Personal Identity and Memory

What is philosophy about? It’s about the basic questions you have when thinking about the world and how to interact within it. Ex.- Does life have meaning? Philosophers examine these questions and make arguments in favor of different answers or positions.

My current project is approaching philosophy from a different angle, from a work of fiction, namely a film, to see if films can make the basic questions clearer with understandable positions.

I’m of the opinion that philosophical themes in films can make the basic questions and their arguments easier to understand.

In this blog post I’m going to analyze the film, “Memento”, from the POV of personal identity and memory.

This film is about the Psychological Continuity Theory of personal identity. What makes ME, me, are my psychological characteristics. These high-level properties, such as my personality, change slowly over time. Another part of continuity is achieved by Memory. I’m the person I was last year because I can remember having some of the perceptions and thoughts that that person had.

A brief synopsis of the film:

Leonard Shelby is a man whose ability to remember anything short-term for more than a couple of minutes is NIL. He was hit on the head during an attack on his wife, who was killed, along with one of the killers. He wants to find and kill the second attacker. The film is told in reverse to disorientate the viewer just like Leonard is. He uses a system of notes, pictures and tattoos to remind him of what’s happening. He has trouble knowing who he is as he proceeds in his quest.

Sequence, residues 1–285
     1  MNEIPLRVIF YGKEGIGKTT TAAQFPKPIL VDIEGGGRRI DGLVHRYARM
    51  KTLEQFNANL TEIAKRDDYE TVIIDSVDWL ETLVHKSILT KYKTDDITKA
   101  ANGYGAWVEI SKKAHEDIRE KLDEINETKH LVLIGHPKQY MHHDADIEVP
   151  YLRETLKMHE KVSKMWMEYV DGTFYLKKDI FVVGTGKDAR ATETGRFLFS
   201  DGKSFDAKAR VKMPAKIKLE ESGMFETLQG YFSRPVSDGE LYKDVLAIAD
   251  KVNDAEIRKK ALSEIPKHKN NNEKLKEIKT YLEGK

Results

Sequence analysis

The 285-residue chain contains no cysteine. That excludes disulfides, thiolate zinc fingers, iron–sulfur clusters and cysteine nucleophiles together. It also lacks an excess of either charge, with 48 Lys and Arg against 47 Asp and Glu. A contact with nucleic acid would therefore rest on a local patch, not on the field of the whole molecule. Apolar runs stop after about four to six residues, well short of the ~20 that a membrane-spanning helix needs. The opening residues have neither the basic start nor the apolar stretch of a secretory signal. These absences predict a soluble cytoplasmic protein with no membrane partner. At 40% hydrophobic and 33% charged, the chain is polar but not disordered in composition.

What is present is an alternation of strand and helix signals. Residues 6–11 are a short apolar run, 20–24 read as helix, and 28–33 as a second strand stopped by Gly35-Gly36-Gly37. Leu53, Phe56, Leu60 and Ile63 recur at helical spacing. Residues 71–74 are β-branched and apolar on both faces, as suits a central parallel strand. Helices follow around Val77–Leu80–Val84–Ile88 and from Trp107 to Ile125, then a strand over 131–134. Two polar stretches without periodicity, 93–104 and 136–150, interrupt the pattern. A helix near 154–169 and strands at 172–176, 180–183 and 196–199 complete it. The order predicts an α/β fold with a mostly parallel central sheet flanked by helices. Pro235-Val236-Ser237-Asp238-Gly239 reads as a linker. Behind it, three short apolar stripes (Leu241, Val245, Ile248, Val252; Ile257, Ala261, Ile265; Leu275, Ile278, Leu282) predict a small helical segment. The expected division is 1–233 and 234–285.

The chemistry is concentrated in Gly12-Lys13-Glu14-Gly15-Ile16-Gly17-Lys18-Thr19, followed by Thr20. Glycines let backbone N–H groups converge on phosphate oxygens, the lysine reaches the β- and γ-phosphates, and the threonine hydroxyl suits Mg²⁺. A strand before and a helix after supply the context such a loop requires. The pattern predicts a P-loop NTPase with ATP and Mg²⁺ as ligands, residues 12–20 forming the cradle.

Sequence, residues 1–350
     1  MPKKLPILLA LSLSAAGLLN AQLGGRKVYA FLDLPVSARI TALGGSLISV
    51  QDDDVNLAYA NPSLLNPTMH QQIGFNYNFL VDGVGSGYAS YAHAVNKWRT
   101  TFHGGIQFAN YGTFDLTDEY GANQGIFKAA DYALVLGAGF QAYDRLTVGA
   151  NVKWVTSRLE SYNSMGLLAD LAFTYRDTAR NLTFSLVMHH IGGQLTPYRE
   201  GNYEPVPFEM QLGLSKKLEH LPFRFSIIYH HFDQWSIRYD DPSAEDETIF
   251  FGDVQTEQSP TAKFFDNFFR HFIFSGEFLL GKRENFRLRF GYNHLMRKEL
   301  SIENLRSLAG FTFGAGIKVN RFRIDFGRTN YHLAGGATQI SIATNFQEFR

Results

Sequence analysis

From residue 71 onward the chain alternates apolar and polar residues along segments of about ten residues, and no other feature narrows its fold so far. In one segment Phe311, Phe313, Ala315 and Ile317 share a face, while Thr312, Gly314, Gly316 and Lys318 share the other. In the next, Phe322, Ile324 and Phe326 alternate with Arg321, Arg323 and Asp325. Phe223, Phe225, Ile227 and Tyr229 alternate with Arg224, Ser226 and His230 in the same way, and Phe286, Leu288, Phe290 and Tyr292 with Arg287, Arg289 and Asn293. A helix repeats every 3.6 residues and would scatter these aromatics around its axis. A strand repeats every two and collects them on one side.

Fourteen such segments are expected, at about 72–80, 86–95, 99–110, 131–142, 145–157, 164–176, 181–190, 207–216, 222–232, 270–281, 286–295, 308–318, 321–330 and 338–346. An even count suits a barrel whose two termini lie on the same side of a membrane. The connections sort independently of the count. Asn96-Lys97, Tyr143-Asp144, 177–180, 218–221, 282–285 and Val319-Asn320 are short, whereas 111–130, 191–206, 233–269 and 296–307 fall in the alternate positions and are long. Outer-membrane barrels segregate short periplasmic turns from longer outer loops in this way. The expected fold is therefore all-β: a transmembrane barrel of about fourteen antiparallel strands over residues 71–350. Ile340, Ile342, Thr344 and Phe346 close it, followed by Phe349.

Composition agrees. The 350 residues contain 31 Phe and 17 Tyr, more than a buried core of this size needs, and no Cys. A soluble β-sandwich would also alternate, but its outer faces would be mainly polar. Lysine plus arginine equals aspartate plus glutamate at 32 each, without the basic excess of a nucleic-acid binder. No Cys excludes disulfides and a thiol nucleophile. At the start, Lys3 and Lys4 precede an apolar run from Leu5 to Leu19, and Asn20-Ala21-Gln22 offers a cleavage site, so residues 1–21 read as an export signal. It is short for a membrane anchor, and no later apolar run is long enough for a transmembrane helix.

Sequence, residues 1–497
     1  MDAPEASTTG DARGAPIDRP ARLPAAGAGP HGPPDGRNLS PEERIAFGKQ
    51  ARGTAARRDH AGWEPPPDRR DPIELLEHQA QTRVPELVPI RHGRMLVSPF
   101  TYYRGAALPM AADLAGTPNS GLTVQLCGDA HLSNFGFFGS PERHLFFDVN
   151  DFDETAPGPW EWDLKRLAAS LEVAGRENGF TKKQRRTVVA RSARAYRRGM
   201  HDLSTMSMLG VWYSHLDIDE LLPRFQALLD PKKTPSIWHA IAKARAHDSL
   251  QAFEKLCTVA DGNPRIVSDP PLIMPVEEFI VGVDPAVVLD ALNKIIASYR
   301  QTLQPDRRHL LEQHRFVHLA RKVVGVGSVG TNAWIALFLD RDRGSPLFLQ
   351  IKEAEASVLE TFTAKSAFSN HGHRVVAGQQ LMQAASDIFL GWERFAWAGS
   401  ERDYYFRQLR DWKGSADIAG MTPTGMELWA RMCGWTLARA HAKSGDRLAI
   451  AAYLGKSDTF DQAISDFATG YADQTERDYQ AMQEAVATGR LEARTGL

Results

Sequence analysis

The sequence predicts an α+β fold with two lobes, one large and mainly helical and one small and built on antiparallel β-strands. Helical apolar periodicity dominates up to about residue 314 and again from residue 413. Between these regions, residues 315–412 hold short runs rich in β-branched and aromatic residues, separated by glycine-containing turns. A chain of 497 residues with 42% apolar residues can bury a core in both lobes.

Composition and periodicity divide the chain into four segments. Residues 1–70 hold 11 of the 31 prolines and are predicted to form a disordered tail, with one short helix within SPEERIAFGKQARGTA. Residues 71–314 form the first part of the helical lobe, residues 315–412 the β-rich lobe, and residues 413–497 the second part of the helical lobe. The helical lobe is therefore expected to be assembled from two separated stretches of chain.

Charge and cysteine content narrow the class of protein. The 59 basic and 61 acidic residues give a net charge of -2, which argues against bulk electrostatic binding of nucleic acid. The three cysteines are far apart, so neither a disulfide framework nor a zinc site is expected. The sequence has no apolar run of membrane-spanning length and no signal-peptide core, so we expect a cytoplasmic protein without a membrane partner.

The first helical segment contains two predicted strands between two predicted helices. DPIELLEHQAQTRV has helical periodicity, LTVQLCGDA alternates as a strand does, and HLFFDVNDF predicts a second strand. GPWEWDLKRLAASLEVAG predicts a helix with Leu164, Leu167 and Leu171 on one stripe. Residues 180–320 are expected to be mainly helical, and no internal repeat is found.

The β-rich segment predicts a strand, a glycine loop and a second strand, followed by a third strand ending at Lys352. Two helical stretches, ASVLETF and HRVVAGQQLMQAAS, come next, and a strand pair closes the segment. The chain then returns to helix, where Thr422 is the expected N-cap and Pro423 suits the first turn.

So, does memory constitute personal identity? Leonard, in Memento, can barely function without his memories.

This reminds me of the theory of personal identity by John Locke. He describes the human mind at birth as a blank state. It then gets filled through experience.

A person is always conscious of what they think. So, if consciousness accompanies thinking, then identity is a matter of consciousness to unite your thoughts. You can repeat a thought of a past action and this is a matter of memory. Personal identity is, then, a set of memories that constantly change.

But, poor Leonard, in the film, had to make notes about his memories to keep his identity in tack. Is he the same person as he was when he had a short-term memory? Or, is he someone different?

All in all, what’s this personal identity thing all about? I guess it’s simply having a series of conscious memories.

In the case of “Memento”, a series of conscious memories can be fused with another, so it becomes a combination of two people, two Leonards, or a combination of true and false.

Man is a poor thing, constantly struggling for self-definition. We try to make an identity from the confusing and conflicting assault of experience. The protagonist in “Memento”, like Man, is constantly worried that he has forgotten something.

Are you confused?

Well, philosophy is an orderly way of discussing subjects that we don’t know much about. LOL!

Thirst For Power and The Philosophy In Macbeth

I just watched the new adaptation of Shakespeare’s Macbeth with Michael Fassbender. He was an excellent Macbeth. There were some changes to the original play:

The play starts with the witches. This film starts with the funeral of the Macbeth’s child which isn’t in the play. The play doesn’t directly mention the death of a child but it can be inferred.